KOLKATA

Business Traveller (India) - - HOSPITALITY -

ere is a dis­tinct clam­our to Kolkata. Trams still run in some ar­eas of the city and are some­thing of an at­trac­tion to vis­i­tors. Where the roads seem to al­most al­ways be crowded, the foot­paths are no less con­gested. e lo­cal di­alect loudly fol­lows you around, as is un­com­mon in most In­dian me­trop­o­lises where cul­tural di­ver­sity is more ap­par­ent. Most tourists don’t mind the sound be­cause for many, Ben­gali sounds sweet to the ears with its rounded syl­la­bles. Its peo­ple pride them­selves on be­ing the in­tel­lec­tual pop­u­la­tion of In­dia, adept in lit­er­a­ture, poetry and the arts. Food is o en pre­pared in mus­tard oil, and the se­lec­tion of sweets is seem­ingly end­less.

At Novo­tel Kolkata Ho­tel & Res­i­dences, lo­cal avours are in­tro­duced to guests right from ar­rival. One is wel­comed with a vir­gin mo­jito pre­pared with Gond­ho­raj Lebu that is lemon typ­i­cal to West Ben­gal. In the room, Ben­gali sweets such as nolen gurer, shon­desh, kachch golla and kheer kodom wel­come guests. At the break­fast, lunch and din­ner bu ets there are typ­i­cal Ben­gali del­i­ca­cies such as fried bread and pota­toes, va­ri­eties of lo­cal sh in mus­tard and other prepa­ra­tions, and types of dal, to list a few.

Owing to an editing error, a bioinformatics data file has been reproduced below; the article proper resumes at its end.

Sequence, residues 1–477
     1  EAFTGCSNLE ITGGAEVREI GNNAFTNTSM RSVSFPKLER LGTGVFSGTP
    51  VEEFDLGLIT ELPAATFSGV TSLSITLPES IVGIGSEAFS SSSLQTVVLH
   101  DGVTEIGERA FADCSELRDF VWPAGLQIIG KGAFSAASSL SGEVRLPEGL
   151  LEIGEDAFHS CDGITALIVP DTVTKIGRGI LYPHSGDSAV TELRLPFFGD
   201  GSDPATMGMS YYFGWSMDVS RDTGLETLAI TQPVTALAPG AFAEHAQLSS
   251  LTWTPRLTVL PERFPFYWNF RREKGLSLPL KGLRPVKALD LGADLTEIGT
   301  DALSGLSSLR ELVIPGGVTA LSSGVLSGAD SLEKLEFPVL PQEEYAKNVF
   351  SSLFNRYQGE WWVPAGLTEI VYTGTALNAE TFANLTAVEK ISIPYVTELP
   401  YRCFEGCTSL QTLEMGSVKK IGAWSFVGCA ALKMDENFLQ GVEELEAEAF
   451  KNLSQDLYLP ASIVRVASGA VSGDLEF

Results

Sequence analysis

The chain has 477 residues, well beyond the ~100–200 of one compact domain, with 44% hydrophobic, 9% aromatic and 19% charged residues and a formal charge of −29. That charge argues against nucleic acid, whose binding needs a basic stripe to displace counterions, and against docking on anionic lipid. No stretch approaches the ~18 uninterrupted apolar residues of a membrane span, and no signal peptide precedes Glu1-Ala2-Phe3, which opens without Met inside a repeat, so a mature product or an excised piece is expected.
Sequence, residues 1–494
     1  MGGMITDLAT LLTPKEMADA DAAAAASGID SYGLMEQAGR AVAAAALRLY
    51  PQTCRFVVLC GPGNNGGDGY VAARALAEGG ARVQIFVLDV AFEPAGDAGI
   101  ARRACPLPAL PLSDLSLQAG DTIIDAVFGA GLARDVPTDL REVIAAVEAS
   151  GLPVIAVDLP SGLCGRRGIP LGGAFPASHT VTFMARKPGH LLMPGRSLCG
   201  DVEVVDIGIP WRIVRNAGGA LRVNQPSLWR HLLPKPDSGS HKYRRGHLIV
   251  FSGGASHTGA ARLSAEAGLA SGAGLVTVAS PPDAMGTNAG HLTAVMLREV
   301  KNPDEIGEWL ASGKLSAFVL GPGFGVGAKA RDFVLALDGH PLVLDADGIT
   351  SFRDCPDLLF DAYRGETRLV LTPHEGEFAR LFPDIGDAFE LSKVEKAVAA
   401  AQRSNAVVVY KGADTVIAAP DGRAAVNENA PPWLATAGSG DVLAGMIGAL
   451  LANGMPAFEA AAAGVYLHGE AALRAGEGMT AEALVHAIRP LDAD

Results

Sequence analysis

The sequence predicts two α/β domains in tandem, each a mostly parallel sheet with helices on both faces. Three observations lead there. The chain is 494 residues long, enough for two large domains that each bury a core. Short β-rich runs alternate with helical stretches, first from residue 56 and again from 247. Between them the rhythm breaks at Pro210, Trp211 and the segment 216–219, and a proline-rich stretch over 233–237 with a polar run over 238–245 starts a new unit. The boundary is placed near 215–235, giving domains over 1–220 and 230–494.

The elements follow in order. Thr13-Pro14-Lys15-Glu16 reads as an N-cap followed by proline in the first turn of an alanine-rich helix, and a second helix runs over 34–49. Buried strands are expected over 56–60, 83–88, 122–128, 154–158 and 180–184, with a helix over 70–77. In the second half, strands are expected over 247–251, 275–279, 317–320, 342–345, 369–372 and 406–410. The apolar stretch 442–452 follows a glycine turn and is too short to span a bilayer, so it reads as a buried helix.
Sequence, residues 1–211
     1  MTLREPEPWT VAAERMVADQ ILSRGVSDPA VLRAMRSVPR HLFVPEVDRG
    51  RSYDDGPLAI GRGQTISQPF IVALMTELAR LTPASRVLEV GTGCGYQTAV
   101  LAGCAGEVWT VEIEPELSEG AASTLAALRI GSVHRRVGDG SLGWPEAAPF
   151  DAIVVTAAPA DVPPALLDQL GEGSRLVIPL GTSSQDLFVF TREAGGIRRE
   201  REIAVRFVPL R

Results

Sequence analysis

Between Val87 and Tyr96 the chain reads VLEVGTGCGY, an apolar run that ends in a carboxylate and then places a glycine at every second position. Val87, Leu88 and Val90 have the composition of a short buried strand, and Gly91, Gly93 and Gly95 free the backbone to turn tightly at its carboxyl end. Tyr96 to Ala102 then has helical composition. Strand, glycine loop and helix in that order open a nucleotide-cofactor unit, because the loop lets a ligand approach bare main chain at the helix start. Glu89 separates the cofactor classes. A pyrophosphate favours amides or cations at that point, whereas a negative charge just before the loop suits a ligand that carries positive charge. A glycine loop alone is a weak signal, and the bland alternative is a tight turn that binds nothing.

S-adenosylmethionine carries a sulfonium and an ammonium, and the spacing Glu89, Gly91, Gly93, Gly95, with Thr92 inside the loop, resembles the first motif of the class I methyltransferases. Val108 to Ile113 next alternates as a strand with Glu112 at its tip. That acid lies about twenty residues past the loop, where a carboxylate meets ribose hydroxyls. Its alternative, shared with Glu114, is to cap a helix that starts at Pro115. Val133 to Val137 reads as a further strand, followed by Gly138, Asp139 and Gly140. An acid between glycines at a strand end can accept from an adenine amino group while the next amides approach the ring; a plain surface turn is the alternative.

Kolkata, the erst­while cap­i­tal of Bri­tish In­dia is also known for its colo­nial ar­chi­tec­ture. ese stand in clear con­trast to the mod­ern struc­tures next to them. For ex­am­ple, in Cen­tral Kolkata new com­mer­cial build­ings sur­round the Vic­to­rian-style High Court, Gen­eral Post O ce and the Writer’s Build­ing.

is is also the ad­dress of the her­itage prop­erty — e LaLiT Great Eastern Kolkata — a prom­i­nent part of Kolkata’s story. In 1840, an English baker opened it as Wil­son’s Ho­tel, named a er him­self, un­til 1865 when it came to be known as the Great Eastern Ho­tel. e lux­ury ho­tel, the rst in Asia was the trendi­est place to be seen at. It was the favourite of the likes of Ma­hatma Gandhi, ueen El­iz­a­beth II, Rud­yard Ki­pling and Mark Twain. In 2005, e LaLiT Suri Hospi­tal­ity Group bought it from the West Ben­gal gov­ern­ment and closed it for a seven-year long ren­o­va­tion.

To­day, this lux­u­ri­ous prop­erty in West Ben­gal’s cap­i­tal is a show­case of three styles — Vic­to­rian, Ed­war­dian and

con­tem­po­rary, re ected in Her­itage Block 1, Her­itage Block 2 and the New Block re­spec­tively. e rst block is still un­der restora­tion. It has the old favourite haunt — Maxim’s bar and restau­rant — that will re­open shortly, hope­fully emu­lat­ing a sim­i­lar charm. e Bak­ery in Block 2 is a restora­tion of its ear­lier form. ough its oven isn’t func­tional any­more, it re­mains the fo­cal point of the restau­rant. e dough-knead­ing con­tain­ers are planters, an­cient bread cans are ta­ble dec­o­ra­tions and one of the orig­i­nal walls re­mains as a trib­ute to the orig­i­nal bak­ery. e New Block has the lobby with the cen­tury-old pi­ano re­stored to its for­mer glory. A stroll through the prop­erty is an in­ter­est­ing rec­ol­lec­tion of how the celebri­ties of Kolkata used to en­joy their time here.

The LaLiT Great Eastern Kolkata ho­tel is a prom­i­nent part of Kolkata's his­tory

CLOCK­WISE FROM LEFT: The lobby of The LaLiT Great Eastern Kolkata; Vidyasagar Setu; and Kolkata is known for sweet treats like Shon­desh and Ras­gulla

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